Karen Pidcock guided me to a group of these orchids high on a mossy bank above the Kaslo river. I believe they are large round-leaf rein orchids, Platanthera orbiculata. (The small round leaf orchid is a different plant.) This is the the eighth local wild orchid I have photographed. It is also the first orchid I have seen that is pollinated primarily by moths and sports a nectar spur.
This wild orchid was apparently named for the two large roundish leaves at the base of its stem. The flowers grow as a raceme. The other oblong leaves in this picture are queen’s cups.
This is a closeup of a few of the flowers on the raceme. The landing strip for polinators is the labellum, the long petal hanging from the front of the flower. The pollinia are the two orangish pods at the top of the flower. This is discussed in greater detail with the next illustration.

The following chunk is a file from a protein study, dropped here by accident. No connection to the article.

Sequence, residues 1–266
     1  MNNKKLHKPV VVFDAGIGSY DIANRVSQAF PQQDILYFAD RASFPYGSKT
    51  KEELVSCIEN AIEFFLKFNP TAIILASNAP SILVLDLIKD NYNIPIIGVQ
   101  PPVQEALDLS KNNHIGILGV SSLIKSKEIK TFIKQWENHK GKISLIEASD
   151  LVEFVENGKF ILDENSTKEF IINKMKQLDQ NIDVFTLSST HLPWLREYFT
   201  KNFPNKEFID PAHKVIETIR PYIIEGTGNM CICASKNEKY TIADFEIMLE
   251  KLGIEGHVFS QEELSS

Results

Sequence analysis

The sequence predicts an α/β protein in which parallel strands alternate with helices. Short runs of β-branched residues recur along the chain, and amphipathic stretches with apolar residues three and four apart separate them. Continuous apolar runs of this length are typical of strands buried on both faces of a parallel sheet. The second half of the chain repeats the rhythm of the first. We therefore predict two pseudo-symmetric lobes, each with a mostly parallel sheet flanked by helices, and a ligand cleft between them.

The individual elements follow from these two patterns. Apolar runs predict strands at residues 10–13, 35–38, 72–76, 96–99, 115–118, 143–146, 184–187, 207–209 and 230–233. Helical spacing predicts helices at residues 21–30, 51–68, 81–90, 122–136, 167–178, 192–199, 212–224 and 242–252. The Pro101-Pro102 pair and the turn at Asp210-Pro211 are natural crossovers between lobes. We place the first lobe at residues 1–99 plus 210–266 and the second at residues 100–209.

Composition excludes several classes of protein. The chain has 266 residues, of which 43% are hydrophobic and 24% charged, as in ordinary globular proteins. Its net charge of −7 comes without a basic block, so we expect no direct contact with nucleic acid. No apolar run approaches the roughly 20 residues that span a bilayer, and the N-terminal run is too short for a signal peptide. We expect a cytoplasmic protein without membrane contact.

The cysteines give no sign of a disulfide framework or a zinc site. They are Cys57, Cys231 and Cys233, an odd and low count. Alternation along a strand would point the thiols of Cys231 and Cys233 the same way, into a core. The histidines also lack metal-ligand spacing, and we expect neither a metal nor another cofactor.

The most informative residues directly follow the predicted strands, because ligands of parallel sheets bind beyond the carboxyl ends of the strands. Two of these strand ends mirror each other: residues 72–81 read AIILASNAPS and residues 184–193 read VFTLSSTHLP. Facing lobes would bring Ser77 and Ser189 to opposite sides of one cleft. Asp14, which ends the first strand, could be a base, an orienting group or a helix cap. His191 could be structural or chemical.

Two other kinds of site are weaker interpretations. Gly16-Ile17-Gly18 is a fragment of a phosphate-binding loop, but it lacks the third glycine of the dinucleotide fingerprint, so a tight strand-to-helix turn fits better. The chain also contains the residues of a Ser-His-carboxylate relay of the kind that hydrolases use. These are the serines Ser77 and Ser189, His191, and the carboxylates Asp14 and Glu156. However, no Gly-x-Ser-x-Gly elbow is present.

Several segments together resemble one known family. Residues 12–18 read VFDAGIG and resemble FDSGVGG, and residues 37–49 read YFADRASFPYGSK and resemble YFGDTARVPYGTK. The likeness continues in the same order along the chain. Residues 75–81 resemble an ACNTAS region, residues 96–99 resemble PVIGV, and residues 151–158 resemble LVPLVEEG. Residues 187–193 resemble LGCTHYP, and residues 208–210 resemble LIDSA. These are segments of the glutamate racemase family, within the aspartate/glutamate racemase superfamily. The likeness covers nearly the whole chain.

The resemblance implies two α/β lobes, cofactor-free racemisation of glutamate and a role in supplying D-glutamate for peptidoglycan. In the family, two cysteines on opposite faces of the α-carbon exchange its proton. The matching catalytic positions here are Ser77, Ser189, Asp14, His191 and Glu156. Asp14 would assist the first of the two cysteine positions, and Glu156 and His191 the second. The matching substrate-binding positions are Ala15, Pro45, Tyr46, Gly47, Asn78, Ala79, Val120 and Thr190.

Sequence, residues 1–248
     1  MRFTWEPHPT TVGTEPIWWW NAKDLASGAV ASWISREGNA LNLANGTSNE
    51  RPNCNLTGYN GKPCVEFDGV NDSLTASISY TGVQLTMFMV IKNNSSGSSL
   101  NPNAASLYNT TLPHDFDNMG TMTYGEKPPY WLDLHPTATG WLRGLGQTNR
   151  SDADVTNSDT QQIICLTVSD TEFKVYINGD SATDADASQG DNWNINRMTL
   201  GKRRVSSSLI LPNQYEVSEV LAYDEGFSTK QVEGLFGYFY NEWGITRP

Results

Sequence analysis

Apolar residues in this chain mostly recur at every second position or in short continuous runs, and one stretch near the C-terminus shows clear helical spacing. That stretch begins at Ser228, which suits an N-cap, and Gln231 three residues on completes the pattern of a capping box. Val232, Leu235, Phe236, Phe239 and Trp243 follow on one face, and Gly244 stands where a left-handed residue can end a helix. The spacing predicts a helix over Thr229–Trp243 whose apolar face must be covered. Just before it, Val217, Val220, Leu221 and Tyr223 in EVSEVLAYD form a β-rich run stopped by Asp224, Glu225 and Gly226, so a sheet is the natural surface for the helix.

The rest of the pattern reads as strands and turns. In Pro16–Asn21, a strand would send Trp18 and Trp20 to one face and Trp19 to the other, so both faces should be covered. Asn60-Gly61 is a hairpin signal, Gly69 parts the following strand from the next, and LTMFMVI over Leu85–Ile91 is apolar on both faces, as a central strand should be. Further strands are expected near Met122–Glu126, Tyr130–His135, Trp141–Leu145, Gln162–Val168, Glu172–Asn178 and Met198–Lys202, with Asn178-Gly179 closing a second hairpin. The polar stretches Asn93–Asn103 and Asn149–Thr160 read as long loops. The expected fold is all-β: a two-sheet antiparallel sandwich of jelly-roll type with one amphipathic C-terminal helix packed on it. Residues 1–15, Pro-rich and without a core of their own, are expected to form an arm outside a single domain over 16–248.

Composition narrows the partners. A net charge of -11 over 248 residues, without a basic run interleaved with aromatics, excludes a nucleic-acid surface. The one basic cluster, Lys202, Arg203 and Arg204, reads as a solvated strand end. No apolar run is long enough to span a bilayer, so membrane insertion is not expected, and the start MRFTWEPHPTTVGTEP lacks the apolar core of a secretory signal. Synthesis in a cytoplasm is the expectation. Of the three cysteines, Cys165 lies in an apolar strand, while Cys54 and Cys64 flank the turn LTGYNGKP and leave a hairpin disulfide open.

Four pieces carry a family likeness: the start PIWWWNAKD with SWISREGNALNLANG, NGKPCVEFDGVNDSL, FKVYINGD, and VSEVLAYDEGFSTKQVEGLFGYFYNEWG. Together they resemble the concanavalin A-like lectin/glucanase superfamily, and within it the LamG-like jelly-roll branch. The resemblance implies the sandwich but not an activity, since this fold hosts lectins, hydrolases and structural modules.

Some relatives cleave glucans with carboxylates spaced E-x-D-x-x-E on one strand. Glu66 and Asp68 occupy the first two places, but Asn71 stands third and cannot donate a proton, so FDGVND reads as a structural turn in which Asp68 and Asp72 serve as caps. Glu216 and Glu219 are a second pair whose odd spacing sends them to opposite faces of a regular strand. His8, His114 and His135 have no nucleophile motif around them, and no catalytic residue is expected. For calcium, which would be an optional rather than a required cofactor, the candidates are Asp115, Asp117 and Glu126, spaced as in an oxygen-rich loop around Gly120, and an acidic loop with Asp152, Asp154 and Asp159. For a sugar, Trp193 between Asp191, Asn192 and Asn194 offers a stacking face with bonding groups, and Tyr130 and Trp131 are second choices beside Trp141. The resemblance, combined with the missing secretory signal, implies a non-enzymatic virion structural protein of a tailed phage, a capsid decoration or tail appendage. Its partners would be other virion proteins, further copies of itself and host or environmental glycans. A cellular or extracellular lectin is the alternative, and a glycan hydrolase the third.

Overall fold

Below is a detail from the centre left of the above picture. This orchid seems to be largely pollinated by a couple of species of noctuid moths, presumably having been attracted by a scent the orchid emitted at night. The moth would approach the illustrated flower from the left landing on the labellum (the landing strip). The moth must extend its long tongue deep into the nectar spur, which is also long to force the moth to press its head against the pollinia, which are then attached to the moth’s compound eye. The moth then carries the pollen to another flower.
There is an evolutionary process here which gradually increases the length of both the moth’s tongue and the nectar spur. The moths with the longest tongues are favoured as they can reach the bottom of the spur and so receive the most nutrients. The flowers with the longest spurs are favoured as their reproductive organs optimally press against the moth which then increases their reproduction. So, each slowly gets longer and longer.